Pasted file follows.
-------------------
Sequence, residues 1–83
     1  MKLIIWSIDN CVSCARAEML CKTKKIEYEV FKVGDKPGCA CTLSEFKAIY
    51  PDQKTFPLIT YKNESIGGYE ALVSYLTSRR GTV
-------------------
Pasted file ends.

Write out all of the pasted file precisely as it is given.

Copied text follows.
Sequence, residues 1–83
     1  MKLIIWSIDN CVSCARAEML CKTKKIEYEV FKVGDKPGCA CTLSEFKAIY
    51  PDQKTFPLIT YKNESIGGYE ALVSYLTSRR GTV